Led by Airbnb and Uber, the two major players in the on-demand sharing economy, most of the startups in this fast-growing super-category are learning that “it’s not about the product”. What I mean by this is that, beyond the appeal and ease-of-use of their sexy smart-phone apps, their future success will be increasingly predicated on their ability to nurture marketplace relationships. Among these priorities are negotiating agreements with regulators, partners, insurers, and others, and learning how to manage their relationships with their “contractor-employees”. In earlier posts I’ve written about the contrasting approaches adopted by Airbnb and Uber, largely due to their very different corporate cultures. Most notably, Airbnb’s strategically collaborative culture appears ideally suited to generating and maintaining trust as it inevitably disrupts the hospitality industry.
Following its reported success in providing accommodation for 60,000 or more visitors at last year’s World Cup in Brazil, the Organizing Committee of the 2016 Rio Olympics signed an agreement for Airbnb to provide 20,000 accommodations through its marketplace. This will augment the paltry 40,000 hotel rooms available in Rio de Janeiro, most of which will only suffice for officials, corporate guests, and others associated with the Games. But closer to home Airbnb faces challenges to the recently introduced Airbnb law in San Francisco. Recent legislation being proposed would limit the number of days that tenants or homeowners can rent out their properties in any one year to 90 days. The intention is to prevent the City becoming over-run by transient visitors who occupy dwellings that otherwise could be put on the market for long-term residential rentals given that San Francisco suffers from a dearth of affordable and even pricier housing for the people who live and work in or around the City. Similar challenges await Airbnb in other desirable capitals and cities popular with business and tourist visitors, so it will be some time before all of these issues are resolved.
As for bad-boy Uber, it is refreshing to see that the company seems to be attempting to put the adversarial frat-house culture personified by its CEO firmly in its past, and instead allow some of its newly hired “adults” to provide supervision. This should enable the company to operate more like an orchestrator than a concentrator (my polite word for bully) as the urban transportation industry gets reshaped by the advent of compelling mobile apps. Uber has also introduced new safety policies, and it plans to form a safety advisory board comprising outside experts as well as incident response teams to investigate safety issues worldwide.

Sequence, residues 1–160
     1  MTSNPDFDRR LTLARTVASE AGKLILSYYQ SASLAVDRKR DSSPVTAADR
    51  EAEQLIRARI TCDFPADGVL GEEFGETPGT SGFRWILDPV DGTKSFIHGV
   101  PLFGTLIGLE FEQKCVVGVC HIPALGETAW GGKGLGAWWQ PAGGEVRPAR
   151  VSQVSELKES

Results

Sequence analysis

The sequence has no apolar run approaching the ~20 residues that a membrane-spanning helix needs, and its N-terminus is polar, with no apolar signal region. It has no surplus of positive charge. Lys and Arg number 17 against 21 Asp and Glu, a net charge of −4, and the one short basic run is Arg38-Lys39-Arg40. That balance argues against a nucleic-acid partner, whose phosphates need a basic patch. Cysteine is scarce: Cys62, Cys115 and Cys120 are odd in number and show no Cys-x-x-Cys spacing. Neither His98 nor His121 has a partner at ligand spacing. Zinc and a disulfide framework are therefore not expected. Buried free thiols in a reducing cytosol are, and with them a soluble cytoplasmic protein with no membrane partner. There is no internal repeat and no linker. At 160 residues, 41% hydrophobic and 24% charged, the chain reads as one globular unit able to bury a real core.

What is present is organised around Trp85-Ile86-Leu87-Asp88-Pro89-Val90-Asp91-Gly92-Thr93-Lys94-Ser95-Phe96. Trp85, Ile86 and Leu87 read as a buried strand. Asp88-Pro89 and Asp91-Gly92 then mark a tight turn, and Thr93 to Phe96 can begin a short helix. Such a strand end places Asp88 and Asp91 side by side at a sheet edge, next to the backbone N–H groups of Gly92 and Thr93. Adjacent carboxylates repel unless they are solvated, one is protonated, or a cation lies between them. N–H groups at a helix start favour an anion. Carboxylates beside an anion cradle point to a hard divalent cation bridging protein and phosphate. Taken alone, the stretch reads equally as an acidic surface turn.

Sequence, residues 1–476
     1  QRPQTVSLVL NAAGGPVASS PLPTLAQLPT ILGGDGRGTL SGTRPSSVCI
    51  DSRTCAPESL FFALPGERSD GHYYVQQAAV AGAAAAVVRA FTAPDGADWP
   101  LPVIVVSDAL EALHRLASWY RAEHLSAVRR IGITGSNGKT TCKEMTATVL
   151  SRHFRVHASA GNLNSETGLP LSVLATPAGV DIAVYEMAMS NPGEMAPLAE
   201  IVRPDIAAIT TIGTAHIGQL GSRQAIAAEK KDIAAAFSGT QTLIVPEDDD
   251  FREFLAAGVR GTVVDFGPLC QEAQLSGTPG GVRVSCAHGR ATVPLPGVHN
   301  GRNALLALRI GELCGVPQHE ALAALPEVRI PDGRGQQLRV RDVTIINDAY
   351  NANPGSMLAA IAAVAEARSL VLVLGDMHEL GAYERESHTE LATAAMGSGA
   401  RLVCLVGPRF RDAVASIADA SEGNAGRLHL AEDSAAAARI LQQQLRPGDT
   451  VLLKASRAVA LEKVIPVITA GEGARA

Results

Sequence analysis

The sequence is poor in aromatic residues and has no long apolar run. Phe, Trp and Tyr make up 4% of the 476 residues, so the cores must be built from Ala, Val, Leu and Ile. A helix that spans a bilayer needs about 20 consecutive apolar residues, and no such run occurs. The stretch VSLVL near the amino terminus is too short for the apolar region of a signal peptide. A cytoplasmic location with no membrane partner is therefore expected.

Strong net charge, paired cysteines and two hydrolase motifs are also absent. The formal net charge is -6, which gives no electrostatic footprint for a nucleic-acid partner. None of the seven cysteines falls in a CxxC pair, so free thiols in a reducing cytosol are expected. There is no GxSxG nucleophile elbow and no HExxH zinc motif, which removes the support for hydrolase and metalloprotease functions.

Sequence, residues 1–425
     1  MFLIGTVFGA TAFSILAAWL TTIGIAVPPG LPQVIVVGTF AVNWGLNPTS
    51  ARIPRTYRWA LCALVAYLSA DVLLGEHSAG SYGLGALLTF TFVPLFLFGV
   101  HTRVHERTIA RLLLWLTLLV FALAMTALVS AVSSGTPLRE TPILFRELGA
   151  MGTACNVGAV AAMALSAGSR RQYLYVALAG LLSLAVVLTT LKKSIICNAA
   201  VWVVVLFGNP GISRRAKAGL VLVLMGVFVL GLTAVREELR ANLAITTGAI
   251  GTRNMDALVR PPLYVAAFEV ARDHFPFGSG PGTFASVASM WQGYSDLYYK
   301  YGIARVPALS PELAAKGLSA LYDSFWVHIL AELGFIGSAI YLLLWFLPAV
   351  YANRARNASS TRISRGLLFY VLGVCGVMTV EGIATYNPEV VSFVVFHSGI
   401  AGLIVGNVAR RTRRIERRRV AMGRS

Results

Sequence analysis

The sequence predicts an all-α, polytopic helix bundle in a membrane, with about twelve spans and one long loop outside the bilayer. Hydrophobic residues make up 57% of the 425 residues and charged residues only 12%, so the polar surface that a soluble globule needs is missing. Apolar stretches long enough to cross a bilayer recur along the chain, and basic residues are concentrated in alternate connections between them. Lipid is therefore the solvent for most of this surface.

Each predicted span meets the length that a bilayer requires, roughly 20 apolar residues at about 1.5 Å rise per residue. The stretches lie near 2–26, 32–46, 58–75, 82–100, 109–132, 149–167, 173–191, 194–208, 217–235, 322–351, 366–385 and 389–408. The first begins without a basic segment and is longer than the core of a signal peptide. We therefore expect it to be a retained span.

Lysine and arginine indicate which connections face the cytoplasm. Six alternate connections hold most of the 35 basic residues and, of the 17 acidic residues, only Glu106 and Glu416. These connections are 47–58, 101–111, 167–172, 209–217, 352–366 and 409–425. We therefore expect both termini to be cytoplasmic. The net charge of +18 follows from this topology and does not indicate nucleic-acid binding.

Both Uber and Lyft, the two most visible and largest taxi and ride-sharing services, continue to forge agreements with insurance companies and trade groups in California and elsewhere in the U.S. and elsewhere to provide insurance for the third-party owned cars driven by their driver contractors. One innovation is a new twist in the structure of the insurance policies designed for Uber, Lyft, and other mobile-app companies to cover their drivers in California. The newly designed policy covers three different “periods”. Period 1 is when a driver is logged in to a service but not matched with a passenger; Period 2 covers the time when a driver has accepted a ride request and is en route to pick up their passenger(s); and Period 3 covers the time when the driver is ferrying the passenger. Each period carries different levels of insurance, in consideration of the different risks that need to be underwritten in each case. This is an example of how disruption tends to eventually tease out creative ideas (necessity being the mother of invention), especially between parties that are experiencing the pressure of conflicting interests. It’s of little value to conduct these negotiations on a war footing, because it wastes time and energy, and gets people focused on the wrong things such as just defeating the other side. When both sides are required in order to make the new industry function, diplomacy and negotiation are the appropriate tools.
To me the more contentious issue is still to be faced. This is the aspect of whether or not the drivers are contractors or employees. It may be that existing legislation provides the right definitions and distinctions, but so far the on-demand companies are insisting that because they are technology companies that only match drivers with passengers, and the drivers are free to work for other ride services, they cannot be considered as employers. As a result, the individual contractors have no medical insurance, nor vacations, nor sick leave, nor retirement plans. And of course, the marketplaces pay no employer taxes. As some of the other categories, such as hired workers for domestic or food delivery services (Taskrabbit, Instacart, Postmates, Homejoy, Handy.com and many others), are now experiencing, there is a definite possibility of exploitation in terms of paying minimal incomes to the freelance workers. Thus the crucial element of Trust is at risk in various areas, something that could put the entire sharing economy value proposition at risk. What’s building to a pressure point is government action against these companies for unpaid employment taxes, in parallel with class-action lawsuits by contractors to be considered employees, or at least to obtain some pf the benefits that employees receive. Unfortunately, there is plenty of scope for long drawn-out and contentious disputes, making it that much more vital that these companies realize that while technology enables their business model, they are in fact marketplaces that match supply with demand, and need to operate collaboratively in helping to reshape their respective industries.